When we think of banks, we immediately think of large companies and institutions with offices all over the country. Entities considered true world powers with unimaginable capital where customers are simply the tools to achieve the returns needed to grow. There is, however, a branch of the banking sector that wants to distance itself from this traditional idea of banks and that wants to focus on closer objectives with which the population can identify. This is where we find community banking.
These structures focus their efforts on smaller geographic regions where they can serve, in a cross-cutting manner, the people who live there. Precisely in order to move away from a mass banking model that responds to the dominance of large amounts of money, community banks can more easily meet the needs of the individual citizen, families or small and medium-sized businesses that have a turnover within the region. They seek the benefit of the territory and its population because they understand that enrichment has to be symmetrical; if the bank grows, it is because the people who participate in the community have also experienced growth. That is why when it comes to giving credits or loans, they take into account the histories and possibilities of those who have trusted them to deposit their income. And most importantly, they talk about people and not just customers.
Ethics is another factor that is becoming increasingly important in the face of multiple cases of banking hostility. In recent years, society has called for accountability and honesty, especially after the economic crisis of 2008. As banks are responsible for managing people’s money, they have to do it properly. An ethical bank is one that does not participate in the purchase of arms in order not to facilitate armed conflicts that only favour a few.
An ethical bank joins projects that favour, for example:
- Future generations, by providing transversal education in schools or by supporting the talent of young professionals who must have the opportunity to further their studies.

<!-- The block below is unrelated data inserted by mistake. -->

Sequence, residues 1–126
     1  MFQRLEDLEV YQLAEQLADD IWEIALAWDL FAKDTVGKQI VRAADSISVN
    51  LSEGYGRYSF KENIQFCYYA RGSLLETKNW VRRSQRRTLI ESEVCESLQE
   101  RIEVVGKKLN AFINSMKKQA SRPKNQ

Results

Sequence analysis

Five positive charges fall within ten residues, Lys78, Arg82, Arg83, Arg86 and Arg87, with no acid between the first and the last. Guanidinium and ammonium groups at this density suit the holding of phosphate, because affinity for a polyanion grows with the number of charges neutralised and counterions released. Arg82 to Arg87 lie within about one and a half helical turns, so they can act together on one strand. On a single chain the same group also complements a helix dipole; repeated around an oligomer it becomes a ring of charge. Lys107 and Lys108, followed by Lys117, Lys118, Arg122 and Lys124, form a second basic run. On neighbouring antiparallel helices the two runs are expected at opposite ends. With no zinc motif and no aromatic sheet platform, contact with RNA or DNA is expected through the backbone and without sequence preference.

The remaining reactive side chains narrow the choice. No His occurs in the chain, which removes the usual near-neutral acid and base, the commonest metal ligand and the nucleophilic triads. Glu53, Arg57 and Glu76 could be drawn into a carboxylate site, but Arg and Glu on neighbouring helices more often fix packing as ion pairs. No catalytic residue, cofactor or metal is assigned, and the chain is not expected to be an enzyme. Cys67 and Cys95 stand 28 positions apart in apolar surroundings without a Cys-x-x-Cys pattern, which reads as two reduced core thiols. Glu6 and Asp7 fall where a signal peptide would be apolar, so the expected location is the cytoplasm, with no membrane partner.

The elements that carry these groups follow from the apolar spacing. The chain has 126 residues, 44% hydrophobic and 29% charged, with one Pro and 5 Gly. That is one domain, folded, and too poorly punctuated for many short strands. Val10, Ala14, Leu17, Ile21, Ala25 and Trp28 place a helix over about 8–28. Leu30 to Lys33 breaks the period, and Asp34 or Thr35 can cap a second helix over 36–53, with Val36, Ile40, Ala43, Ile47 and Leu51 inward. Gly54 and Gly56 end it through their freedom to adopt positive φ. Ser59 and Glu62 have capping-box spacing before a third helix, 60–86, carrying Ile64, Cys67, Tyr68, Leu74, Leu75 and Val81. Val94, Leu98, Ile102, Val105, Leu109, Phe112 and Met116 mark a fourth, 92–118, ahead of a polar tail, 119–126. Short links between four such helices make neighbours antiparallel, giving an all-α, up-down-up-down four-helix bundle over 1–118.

- The labour insertion of everyone (especially vulnerable groups).
- The preservation of the environment is another aspect on the negotiating table.
In short, ethical banking takes into account social responsibility and solidarity when reinvesting money. And most important of all, it does so transparently.
One of the ways to introduce community and ethical banking in today’s society, given the digitalisation of all processes, is to move away from the traditional and old image of what we understand by a bank and introduce a new, incipient and modern one: transforming it into a Neobank.
A neobank is a type of banking structure based on new technologies and which offers people simple and modern products, adapted to the needs of real consumption and with very low commissions.
Despite offering an entirely digital experience, communication with customers does not disappear, but rather is reinforced, as this is the only means of contact between members of the bank and customers. A quick and effective response is the main ingredient for making the Neobank machinery work and thus guaranteeing the trust of the people who use it.
11Onze Banc as a startup company born in the new 20s of the 21st century is a community bank, ethical and Neobank.